9. [quote name='argoneus' timestamp='1338896480' post='4946397'] I see. How is Slick2D? [/quote] I've been dabbling with lwjgl and slick2d lately. For lwjgl it' basically the same thing as writing opengl code for C++. Slick2D is written on top of lwjgl and provides a nice way to create 2D games. From what I can tell Slick2D is a pretty damn good library. Another library you might want to look into is [url="http://twl.l33tlabs.org/"]TWL[/url] for creating some GUI elements.
  10. There's also the option of using his own compression on a normal BMP file. Huffman coding would likely provide decent compression compared to RLE, and is not terribly difficult to program.
  11. Object Oriented Programming refers to the way of using the language. For instance, you can get away with programming an entire program inside your main function in C# without ever using another class. That would still be procedural programming, despite the fact that C# is object oriented. What he means is that you need to understand the concepts of objects, inheritance, etc. Do you know what it means that something is an object? Do you understand inheritance? If you don't know what those mean, you should go read up about that before you go further. As for linear algebra, think about this. When you draw things to the screen in 2D, your you need to describe where things are on the screen. To do that you need to understand cartesian coordinates. Here's an example of where you need to know linear algebra: You have a ball being drawn on the screen in 2D. You want to make that ball move on an angle that isn't just up/down or left/right. Say the ball needs to move at a degree angle up and to the right. You need to know how to convert an angle and a distance to the X/Y coordinates on the screen that the ball will end up.
  12. Like everyone's said, technically, it is possible. You could figure out how your driver communicates with the DirectX or OpenGL and write your own API to handle the driver calls, but it's largely pointless, because it would be a MASSIVE project, and I can guarantee your code would be a worse library than either OpenGL or DirectX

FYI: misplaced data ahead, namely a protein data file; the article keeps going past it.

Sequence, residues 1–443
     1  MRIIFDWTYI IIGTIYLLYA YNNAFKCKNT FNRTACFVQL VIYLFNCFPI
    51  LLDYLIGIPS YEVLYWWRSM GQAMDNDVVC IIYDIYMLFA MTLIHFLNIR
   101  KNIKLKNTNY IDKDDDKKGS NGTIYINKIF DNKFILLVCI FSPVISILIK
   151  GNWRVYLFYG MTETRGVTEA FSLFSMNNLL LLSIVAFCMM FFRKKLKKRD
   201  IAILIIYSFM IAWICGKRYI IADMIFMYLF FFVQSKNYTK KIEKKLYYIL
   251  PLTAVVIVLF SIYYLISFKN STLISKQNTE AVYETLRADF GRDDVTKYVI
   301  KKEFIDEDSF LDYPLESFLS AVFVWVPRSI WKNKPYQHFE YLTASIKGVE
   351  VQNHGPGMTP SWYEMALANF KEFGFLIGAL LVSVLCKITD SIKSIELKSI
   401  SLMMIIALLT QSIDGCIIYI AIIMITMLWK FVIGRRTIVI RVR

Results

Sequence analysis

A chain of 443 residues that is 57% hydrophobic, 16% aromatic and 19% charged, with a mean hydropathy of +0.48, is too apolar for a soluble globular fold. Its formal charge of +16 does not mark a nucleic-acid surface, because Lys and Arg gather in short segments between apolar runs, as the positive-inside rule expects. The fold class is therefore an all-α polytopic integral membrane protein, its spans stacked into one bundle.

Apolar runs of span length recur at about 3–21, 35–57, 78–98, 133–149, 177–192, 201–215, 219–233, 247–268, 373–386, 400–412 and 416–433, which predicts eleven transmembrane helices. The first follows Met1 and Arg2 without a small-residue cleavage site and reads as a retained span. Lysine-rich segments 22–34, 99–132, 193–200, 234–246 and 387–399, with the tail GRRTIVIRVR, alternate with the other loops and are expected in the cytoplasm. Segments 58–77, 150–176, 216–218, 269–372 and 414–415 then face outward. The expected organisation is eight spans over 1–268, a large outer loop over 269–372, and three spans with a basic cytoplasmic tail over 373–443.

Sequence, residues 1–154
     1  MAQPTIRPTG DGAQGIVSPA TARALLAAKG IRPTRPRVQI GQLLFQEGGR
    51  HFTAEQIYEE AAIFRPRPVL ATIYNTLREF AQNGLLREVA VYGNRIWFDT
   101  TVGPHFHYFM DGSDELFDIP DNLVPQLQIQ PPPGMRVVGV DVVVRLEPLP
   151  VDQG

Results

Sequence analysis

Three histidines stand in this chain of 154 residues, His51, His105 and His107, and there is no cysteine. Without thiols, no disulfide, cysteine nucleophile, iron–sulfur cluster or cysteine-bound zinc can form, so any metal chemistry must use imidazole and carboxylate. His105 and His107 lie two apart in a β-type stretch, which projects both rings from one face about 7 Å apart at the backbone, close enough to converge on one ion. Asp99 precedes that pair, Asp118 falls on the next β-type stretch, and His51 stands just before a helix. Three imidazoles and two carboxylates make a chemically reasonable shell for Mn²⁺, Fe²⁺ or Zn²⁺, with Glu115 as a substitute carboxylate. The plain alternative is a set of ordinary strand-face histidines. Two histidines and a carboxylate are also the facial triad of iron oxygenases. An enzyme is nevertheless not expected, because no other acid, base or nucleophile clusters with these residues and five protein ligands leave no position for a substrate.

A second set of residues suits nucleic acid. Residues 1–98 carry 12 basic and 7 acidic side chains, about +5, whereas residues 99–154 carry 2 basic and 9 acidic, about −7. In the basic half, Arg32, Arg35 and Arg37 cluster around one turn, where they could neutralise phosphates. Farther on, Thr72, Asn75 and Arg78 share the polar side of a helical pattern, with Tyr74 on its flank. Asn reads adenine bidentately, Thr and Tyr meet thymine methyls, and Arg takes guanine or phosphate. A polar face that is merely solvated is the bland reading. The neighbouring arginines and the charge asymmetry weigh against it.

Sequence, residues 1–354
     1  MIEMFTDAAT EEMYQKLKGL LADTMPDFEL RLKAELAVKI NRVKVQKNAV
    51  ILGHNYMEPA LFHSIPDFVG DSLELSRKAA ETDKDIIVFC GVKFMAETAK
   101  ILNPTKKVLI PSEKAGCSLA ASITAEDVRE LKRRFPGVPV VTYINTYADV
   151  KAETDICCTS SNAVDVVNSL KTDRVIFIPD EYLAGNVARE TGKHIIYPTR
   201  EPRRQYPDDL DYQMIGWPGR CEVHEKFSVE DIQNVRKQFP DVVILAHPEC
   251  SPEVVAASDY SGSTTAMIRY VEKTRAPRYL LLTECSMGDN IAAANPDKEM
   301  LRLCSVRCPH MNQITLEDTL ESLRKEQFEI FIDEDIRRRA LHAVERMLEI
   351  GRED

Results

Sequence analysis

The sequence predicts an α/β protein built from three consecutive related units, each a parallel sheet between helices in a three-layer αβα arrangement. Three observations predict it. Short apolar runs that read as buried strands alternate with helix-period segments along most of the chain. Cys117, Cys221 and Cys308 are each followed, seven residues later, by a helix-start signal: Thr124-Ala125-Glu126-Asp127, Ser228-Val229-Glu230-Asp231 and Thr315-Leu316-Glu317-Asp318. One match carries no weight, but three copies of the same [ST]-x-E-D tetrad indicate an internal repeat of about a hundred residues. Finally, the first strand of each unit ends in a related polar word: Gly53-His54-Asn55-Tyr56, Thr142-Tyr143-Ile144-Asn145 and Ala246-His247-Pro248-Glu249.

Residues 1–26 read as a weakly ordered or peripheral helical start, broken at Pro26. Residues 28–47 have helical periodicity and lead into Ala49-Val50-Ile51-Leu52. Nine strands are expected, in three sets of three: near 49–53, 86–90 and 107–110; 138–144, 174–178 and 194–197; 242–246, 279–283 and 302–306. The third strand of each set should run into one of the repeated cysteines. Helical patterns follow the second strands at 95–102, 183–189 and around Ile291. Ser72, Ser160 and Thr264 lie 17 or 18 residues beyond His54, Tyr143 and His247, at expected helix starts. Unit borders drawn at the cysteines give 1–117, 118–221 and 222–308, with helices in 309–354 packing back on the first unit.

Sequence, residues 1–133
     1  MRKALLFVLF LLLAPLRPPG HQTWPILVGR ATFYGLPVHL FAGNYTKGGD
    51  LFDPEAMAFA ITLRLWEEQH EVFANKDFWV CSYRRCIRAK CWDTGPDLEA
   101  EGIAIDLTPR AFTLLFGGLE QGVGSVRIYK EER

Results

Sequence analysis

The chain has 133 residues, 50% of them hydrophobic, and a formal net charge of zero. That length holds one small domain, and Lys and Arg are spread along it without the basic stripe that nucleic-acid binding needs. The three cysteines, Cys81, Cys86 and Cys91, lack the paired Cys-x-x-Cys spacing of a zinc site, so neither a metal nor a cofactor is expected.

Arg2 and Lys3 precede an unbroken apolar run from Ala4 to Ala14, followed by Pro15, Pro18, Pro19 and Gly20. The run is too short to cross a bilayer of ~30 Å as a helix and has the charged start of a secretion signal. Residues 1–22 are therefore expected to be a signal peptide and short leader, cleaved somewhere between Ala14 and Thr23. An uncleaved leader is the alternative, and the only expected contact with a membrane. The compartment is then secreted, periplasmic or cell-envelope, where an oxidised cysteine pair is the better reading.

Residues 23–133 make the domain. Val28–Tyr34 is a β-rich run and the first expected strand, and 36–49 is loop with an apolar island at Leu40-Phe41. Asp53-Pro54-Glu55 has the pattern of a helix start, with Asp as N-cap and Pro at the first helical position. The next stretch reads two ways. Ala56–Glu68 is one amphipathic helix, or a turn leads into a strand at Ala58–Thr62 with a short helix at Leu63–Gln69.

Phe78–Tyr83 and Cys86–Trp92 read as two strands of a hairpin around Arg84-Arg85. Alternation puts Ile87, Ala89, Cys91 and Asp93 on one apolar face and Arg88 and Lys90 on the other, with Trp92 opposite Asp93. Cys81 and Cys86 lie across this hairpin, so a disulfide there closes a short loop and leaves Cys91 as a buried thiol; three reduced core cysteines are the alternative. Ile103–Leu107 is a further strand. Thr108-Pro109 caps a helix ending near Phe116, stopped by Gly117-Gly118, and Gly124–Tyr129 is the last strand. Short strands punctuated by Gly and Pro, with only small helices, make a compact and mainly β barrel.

13. [quote name='BornToCode' timestamp='1337047893' post='4940268'] It is all about concepts. Once you know the concept an Api is just an Api. [/quote] Agreed. I'm learning opengl because I want to write games that are capable of being played on many different platforms, but I suppose that once I've really gotten a grasp on the fundamentals, a switch over the D3D shouldn't be too difficult.
  14. I'm working on a game in Java using lwjgl for opengl. I'm working on designing my general "model" representation and I'm stuck trying to decide how I want to represent the heading/velocity of a model. Opengl uses Cartesian coordinates, but I' wondering if there's any reason I should store the model information natively as spherical coordinates... I can't figure out the pros and cons to it. So I guess what I'm asking is, how does everyone else store the heading/velocity data for your models and why do you store it that way?
  15. OpenGL

    You might want to look into using the GPU for the raycasting. You can accelerate that sort of thing by a massive amount using the GPU for your heavy lifting. On something like this it's not like raycasting on the GPU is going to be cutting into other GPU accelerated stuff. I just did a quick search and saw this: [url="http://www.daimi.au.dk/~trier/?page_id=98"]http://www.daimi.au.dk/~trier/?page_id=98[/url] Not entirely the same thing, but probably helpful. Some googling provides these links: [url="http://www.cg.tuwien.ac.at/hostings/cescg/CESCG-2005/papers/VRVis-Scharsach-Henning.pdf"]http://www.cg.tuwien.ac.at/hostings/cescg/CESCG-2005/papers/VRVis-Scharsach-Henning.pdf[/url] [url="http://www.virtualglobebook.com/3DEngineDesignForVirtualGlobesSection43.pdf"]http://www.virtualglobebook.com/3DEngineDesignForVirtualGlobesSection43.pdf[/url] [url="http://www.it.ubi.pt/17epcg/Actas/artigos/17epcg_submission_8.pdf"]http://www.it.ubi.pt/17epcg/Actas/artigos/17epcg_submission_8.pdf[/url] No idea how useful these would be, but there might be some techniques in those that help.